As a Deaf person, the Deaf Interpreter starts with a distinct set of formative experiences described extensively by Deaf interpreter focus group participants (NCIEC 2009a). The formative experiences of Deaf interpreters include:

  • Exposure to American Sign Language and/or another signed language, and a wide variety of other communication forms used by Deaf people through life-long interactions with Deaf family members and friends, Deaf peers within the education system, and Deaf people in the community;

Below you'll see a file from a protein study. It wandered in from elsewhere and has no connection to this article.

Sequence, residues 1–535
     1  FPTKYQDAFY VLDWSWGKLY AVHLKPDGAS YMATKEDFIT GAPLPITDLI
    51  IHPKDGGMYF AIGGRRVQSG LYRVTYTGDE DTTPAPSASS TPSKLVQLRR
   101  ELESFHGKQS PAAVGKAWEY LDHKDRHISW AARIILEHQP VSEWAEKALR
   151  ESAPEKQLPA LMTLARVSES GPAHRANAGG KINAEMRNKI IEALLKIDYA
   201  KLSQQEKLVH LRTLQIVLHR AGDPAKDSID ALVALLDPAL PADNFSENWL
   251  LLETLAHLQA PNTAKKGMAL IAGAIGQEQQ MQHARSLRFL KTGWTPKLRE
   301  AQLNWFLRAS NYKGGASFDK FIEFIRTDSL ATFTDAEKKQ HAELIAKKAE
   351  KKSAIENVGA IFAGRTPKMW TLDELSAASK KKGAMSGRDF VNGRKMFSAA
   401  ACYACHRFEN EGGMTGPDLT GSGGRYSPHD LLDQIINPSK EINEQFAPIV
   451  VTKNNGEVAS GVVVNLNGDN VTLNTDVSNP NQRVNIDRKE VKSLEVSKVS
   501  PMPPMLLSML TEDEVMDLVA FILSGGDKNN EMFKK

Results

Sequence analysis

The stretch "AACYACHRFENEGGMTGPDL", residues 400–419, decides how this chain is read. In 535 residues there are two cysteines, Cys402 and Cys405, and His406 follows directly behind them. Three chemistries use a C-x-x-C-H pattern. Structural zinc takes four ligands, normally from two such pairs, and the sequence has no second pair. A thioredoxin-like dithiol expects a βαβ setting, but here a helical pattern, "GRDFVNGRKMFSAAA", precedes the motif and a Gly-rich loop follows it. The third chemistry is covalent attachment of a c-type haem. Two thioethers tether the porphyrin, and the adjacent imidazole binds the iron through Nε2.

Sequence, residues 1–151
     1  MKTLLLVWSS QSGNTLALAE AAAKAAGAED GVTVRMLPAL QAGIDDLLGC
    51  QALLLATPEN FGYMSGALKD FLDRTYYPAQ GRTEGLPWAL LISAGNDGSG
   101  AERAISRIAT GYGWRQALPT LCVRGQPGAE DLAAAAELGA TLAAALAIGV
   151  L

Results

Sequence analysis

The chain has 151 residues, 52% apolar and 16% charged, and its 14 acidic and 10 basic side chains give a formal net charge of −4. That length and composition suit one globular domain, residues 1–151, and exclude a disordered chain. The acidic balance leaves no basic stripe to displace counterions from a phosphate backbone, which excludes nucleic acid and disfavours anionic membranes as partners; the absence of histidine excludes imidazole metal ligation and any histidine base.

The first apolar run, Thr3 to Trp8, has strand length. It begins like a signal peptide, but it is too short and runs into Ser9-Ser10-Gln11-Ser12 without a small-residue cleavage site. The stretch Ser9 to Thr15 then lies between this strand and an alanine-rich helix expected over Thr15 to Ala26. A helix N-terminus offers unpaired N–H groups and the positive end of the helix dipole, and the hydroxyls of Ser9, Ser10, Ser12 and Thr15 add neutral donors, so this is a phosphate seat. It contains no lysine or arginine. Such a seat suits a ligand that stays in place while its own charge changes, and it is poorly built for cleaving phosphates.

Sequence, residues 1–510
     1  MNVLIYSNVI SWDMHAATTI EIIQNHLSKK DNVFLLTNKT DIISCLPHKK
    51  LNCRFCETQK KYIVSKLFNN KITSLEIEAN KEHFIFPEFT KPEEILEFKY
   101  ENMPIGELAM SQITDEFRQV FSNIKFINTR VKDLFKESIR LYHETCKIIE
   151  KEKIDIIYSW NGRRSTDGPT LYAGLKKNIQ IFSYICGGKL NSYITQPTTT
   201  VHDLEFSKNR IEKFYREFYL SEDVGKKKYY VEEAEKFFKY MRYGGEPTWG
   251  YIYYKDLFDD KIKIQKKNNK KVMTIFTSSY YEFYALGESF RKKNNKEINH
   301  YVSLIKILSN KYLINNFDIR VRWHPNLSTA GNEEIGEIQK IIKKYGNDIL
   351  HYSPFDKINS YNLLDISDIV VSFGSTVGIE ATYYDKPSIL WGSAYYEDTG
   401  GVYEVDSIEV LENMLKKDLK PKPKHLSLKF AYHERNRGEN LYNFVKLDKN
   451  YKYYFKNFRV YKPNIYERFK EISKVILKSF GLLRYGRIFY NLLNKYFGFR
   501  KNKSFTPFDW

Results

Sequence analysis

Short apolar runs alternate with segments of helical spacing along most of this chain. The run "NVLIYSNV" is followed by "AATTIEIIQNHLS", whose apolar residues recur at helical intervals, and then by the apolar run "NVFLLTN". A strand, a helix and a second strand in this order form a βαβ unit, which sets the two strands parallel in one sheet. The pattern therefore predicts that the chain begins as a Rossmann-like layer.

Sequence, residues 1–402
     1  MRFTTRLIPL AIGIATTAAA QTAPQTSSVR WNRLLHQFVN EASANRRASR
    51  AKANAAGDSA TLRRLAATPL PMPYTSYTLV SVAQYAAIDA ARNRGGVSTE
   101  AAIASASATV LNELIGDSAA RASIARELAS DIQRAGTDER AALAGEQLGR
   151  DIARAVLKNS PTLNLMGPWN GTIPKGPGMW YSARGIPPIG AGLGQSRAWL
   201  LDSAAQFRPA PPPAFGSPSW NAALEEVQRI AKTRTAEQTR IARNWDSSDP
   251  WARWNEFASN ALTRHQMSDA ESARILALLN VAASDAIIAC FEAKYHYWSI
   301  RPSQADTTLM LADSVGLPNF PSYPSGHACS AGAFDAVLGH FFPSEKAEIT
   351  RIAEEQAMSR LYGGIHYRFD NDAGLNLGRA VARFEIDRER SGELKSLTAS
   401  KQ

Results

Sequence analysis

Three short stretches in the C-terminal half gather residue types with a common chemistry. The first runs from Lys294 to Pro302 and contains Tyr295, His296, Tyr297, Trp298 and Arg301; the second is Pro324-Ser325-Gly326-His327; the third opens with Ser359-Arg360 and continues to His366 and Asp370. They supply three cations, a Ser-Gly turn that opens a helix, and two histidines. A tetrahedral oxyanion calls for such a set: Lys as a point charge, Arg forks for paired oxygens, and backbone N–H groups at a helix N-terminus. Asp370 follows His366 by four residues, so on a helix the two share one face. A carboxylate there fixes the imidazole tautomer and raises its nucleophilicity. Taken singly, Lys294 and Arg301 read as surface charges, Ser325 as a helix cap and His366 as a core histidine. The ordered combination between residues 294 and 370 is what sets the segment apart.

• Early experiences of interpreting for family, friends, and peers;
  • Experiences of personal challenges in comprehending situations, interpreters, and various communication styles;
  • Personal experiences of discrimination, oppression, and frustration with lack of access to communication and information.

Those Deaf individuals who become effective Deaf Interpreters are instilled by these life experiences with linguistic and extralinguistic knowledge (Gile, 1995) rarely, if ever, found in hearing interpreters. This requisite knowledge is an essential foundation that can be honed — though not taught — through interpreting education. The reader is encouraged to review the more in-depth description of Deaf Interpreter formative experiences provided in the analysis of Deaf Interpreter focus group discussions conducted April-July 2007 (NCIEC 2009a).